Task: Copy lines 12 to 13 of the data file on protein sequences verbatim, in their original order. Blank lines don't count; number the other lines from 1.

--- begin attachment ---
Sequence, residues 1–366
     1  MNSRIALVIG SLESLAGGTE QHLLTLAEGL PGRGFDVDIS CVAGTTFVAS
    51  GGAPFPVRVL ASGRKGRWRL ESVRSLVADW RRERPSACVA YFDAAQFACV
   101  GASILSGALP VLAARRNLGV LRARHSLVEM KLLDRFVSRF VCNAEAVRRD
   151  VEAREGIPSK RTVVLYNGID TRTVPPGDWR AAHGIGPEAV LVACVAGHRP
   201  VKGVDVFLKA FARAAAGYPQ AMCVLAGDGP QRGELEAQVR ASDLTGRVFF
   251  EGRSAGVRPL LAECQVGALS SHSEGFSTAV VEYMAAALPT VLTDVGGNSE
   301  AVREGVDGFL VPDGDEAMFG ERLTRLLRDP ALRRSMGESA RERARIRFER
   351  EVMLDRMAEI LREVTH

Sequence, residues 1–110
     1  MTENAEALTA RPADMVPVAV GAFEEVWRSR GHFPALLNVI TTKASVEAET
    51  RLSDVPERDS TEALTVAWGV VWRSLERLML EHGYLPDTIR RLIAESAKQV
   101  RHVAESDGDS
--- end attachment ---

    51  RLSDVPERDS TEALTVAWGV VWRSLERLML EHGYLPDTIR RLIAESAKQV
   101  RHVAESDGDS